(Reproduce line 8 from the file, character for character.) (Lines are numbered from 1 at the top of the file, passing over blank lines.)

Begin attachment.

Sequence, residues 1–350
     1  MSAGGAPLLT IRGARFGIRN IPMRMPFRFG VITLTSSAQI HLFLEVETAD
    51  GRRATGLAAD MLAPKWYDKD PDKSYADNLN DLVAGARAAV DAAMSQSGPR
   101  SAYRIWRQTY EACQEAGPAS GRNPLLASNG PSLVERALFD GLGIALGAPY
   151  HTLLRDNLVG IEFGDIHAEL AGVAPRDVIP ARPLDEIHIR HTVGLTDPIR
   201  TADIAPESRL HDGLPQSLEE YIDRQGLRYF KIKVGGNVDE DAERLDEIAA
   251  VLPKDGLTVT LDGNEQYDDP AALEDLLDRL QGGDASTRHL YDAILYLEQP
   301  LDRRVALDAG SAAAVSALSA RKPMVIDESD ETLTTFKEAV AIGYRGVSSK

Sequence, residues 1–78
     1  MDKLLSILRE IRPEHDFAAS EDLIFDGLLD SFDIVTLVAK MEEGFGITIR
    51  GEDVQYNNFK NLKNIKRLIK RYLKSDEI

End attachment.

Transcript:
   301  LDRRVALDAG SAAAVSALSA RKPMVIDESD ETLTTFKEAV AIGYRGVSSK